Wednesday, 29 April 2009

Scholars see ‘empathy’ in Jews’ study of Islam

Mark Cohen, center, greets Ismar Schorsch and Susannah Heschel before a Princeton University lecture program on the Jewish fascination with Islam. (Photo by Marilyn Silverstein)

Princeton confab recalls historic links between the cultures
by Marilyn Silverstein

NJJN Staff Writer
April 30, 2009

Two leading lights in the world of Jewish scholarship were at Princeton University on April 23 to reflect on the Jewish “fascination” with Islam.

And while contemporary Jewish colloquia on Islam tend to dwell on conflict, Susannah Heschel and Rabbi Ismar Schorsch instead focused on how Jewish scholars helped shaped the study of Islam, and how Islam in turn shaped Jewish self-understanding.

“What Jews brought to the study of Islam and Arabic was empathy,” said Schorsch, chancellor emeritus and the Rabbi Herman Abramowitz Professor of Jewish History at the Jewish Theological Seminary of America. “Jewish scholars had an innate empathy for the study of Islam. Jews loved Islam for what it had offered them in the Middle Ages.”

Schorsch and Heschel, the Eli Black Professor in Jewish Studies at Dartmouth College, spoke before more than 120 people at the university’s McCormick Hall.

The program — the 31st Carolyn L. Drucker Memorial Lecture — was sponsored by the university’s Department of Near Eastern Studies and the Perelman Institute for Judaic Studies of the Program in Judaic Studies.

Mark Cohen, professor of Near Eastern studies and a founder of Princeton’s Program in Judaic Studies, served as moderator.

During the program, Heschel analyzed the impact of the study of Islam on European intellectuals of the 19th and early 20th centuries. She recently received a two-year grant from the Carnegie Foundation to complete research for a book on the subject, tentatively titled The Monotheistic Triangle: Judaism and Islam in the Modern Christian World.

Schorsch, who retired in 2006 as the Conservative seminary’s sixth chancellor, recounted details of the life of 19th-century German-Jewish bibliographer and Orientalist Moritz Steinschneider, the subject of his biography-in-progress.

“There’s a story to be told,” Schorsch told New Jersey Jewish News as he arrived at McCormick Hall for the program. “It’s a topic waiting to be done, and this is the right venue for it. Princeton has one of the great Near Eastern studies departments in the world.”

In his remarks, Schorsch pointed to Steinschneider’s work in uncovering a wealth of Arabic-language manuscripts written by Jews in the Middle Ages.

“We forget that the vast majority of Jews in the Middle Ages spoke Arabic and wrote Arabic,” he said. For years, Judeo-Arabic works by Maimonides and countless other Jewish writers were stored in archives; they became known to 19th-century Jews only through their Hebrew translations, Schorsch said.

“It was Steinschneider who went into the archives and began to discover this treasure of Judeo-Arabic manuscripts — which put our knowledge of these Jewish classics on a much firmer basis,” Schorsch said. “Steinschneider transformed our understanding of medieval Jewish history.”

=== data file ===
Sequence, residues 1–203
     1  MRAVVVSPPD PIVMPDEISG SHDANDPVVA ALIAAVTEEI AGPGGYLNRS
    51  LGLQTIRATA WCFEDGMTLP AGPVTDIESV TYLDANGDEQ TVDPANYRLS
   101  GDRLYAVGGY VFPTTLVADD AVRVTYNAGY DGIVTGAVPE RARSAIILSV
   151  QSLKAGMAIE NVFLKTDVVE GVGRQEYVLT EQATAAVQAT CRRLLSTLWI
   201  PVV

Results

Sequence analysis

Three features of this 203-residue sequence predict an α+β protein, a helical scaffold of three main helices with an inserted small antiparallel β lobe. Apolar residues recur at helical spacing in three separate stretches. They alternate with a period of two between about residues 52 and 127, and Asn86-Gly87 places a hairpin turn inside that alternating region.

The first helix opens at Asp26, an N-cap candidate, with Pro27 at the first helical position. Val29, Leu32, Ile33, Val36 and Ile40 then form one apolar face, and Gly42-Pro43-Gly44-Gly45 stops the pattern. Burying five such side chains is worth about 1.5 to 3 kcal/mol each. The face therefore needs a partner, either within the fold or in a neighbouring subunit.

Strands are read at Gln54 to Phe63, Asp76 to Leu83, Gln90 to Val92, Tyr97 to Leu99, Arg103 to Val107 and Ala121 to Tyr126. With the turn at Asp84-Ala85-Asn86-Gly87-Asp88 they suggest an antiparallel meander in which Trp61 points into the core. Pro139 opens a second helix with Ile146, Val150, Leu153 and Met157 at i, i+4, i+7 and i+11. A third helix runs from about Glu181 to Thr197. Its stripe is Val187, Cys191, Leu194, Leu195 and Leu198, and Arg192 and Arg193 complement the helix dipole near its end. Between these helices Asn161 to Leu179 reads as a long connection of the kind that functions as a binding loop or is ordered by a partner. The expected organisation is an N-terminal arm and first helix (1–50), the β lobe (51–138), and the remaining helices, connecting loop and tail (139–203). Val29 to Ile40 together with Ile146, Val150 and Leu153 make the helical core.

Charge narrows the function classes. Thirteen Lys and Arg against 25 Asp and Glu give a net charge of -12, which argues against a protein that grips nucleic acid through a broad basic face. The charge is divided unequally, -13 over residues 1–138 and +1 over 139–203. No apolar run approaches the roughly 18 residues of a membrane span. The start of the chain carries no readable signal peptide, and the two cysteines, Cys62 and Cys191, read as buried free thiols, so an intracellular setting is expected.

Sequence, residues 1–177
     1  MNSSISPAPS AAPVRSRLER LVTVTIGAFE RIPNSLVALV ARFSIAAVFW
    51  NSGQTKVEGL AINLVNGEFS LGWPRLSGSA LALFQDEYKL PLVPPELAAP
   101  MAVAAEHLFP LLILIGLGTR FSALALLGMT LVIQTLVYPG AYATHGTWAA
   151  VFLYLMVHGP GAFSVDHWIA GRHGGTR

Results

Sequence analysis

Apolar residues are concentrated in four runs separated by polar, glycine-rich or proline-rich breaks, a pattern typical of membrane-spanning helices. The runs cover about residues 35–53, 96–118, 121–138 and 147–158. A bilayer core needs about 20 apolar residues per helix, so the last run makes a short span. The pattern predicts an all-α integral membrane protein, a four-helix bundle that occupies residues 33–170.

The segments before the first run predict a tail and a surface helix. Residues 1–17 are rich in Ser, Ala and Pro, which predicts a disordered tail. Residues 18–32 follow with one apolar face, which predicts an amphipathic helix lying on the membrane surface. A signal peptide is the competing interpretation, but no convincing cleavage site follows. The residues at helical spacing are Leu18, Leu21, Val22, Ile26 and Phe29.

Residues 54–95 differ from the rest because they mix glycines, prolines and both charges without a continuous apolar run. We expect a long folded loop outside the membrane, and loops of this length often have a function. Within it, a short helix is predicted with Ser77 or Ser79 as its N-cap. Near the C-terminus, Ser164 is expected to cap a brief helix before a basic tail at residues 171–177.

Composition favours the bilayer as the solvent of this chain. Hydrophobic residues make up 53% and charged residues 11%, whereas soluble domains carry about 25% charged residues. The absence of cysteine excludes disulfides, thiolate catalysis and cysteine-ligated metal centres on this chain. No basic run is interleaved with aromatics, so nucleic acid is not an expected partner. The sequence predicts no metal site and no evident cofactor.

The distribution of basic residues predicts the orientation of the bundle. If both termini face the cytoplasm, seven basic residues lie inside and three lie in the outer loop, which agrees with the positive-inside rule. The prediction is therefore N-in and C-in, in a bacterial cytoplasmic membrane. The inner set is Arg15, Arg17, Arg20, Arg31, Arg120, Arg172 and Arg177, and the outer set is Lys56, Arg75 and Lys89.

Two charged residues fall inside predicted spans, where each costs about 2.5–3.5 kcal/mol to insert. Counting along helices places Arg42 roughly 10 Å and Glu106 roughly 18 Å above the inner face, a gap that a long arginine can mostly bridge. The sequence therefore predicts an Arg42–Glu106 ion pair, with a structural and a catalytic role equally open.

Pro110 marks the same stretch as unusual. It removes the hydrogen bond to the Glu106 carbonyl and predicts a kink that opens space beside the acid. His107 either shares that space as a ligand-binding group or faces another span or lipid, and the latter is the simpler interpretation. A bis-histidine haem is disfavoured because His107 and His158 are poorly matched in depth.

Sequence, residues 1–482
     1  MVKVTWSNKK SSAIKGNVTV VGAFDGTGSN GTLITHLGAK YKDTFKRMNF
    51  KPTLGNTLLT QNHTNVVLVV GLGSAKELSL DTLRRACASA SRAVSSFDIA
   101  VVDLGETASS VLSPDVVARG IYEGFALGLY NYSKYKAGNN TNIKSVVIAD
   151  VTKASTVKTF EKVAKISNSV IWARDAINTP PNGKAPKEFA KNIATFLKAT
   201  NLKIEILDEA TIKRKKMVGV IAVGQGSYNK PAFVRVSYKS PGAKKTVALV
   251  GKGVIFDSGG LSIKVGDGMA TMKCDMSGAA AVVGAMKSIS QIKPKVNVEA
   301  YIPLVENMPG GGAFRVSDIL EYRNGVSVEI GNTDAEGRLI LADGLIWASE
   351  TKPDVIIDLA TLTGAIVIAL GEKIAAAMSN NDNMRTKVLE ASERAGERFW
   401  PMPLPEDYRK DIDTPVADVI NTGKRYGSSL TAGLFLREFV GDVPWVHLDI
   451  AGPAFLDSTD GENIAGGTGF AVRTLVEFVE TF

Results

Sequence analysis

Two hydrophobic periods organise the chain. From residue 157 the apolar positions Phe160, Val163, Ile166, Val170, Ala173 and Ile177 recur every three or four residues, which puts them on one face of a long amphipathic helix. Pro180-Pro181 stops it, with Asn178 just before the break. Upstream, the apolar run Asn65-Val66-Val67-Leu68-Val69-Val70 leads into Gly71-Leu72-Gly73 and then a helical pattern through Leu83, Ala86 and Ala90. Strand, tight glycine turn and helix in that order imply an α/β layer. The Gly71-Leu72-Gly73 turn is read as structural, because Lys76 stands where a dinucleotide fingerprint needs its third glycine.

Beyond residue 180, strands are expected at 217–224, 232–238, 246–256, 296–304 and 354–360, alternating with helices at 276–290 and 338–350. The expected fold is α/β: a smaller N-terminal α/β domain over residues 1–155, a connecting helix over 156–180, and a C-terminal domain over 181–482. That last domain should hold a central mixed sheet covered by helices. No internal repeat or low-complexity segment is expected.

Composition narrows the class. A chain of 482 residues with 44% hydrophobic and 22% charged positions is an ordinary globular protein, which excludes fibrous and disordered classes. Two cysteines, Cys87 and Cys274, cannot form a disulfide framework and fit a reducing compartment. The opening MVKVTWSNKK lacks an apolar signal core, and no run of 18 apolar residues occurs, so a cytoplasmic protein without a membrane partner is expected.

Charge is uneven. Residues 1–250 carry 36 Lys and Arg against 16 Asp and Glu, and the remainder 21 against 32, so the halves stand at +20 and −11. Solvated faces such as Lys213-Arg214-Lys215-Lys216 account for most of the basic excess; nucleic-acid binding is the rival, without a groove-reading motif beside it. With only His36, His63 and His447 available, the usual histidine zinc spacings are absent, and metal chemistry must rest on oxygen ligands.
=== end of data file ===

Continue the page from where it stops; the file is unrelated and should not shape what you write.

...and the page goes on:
Schorsch said Jews were drawn to Arabic because it was part of a “Sephardi mystique,” and scholars of Judaism made a “critical contribution” to the study of Islam.

“The contribution Jews made to the development of this field has yet to be told,” he said.

‘Handmaiden of Judaism’

Heschel’s remarks focused on the work of the German-Jewish Orientalists of the 19th century — in particular, rabbi/scholar Abraham Geiger. Geiger and his colleagues saw Islam as a kind of prophetic Judaism, Heschel told the audience. In their view, Islam was a “handmaiden” of Judaism — one that demonstrated the power of Jewish monotheism.

“The Jewish Orientalists turned to Islam and reconfigured it as…a product of Judaism,” she said. “Early Islam took shape around questions of Judaism and its practices.

“There is a Jewish fascination with Islam, even in our time,” she added. “We see it in Jewish scholarship…and in the use of Moorish architecture in European and American synagogues.… The Moorish architecture of the vast number of our synagogues continues to proclaim that Islam can stand as a signifier for Judaism.”

During the question-and-answer period after the presentations, Cohen responded to a question from NJ Jewish News about the evolution of the Jewish fascination with Islam today.

“In the academy today, both in this country, in Europe, and in the State of Israel, the study of Islam — particularly, the study of Jews and Islam — takes second place to the study of the Jews of Ashkenaz,” said Cohen, who specializes in the study of Jews in the Muslim world of the Middle Ages.

“Of course, today, given the political situation in the Middle East, I can understand why the Jewish fascination with Islam has turned into a Jewish de-fascination with Islam,” he said. “In a sense, Islam has become a subject not of admiration, but of fear.”

Schorsch observed that although the majority of the Jews in Israel today are Sephardim — the descendants of Jews from Muslim lands — the academic world has been dominated by Ashkenazi Jews — Jews of Eastern European descent.

“So you continue to have a preponderance of work done on Ashkenazi-Jewish history,” he said, “but I think that’s changing.”


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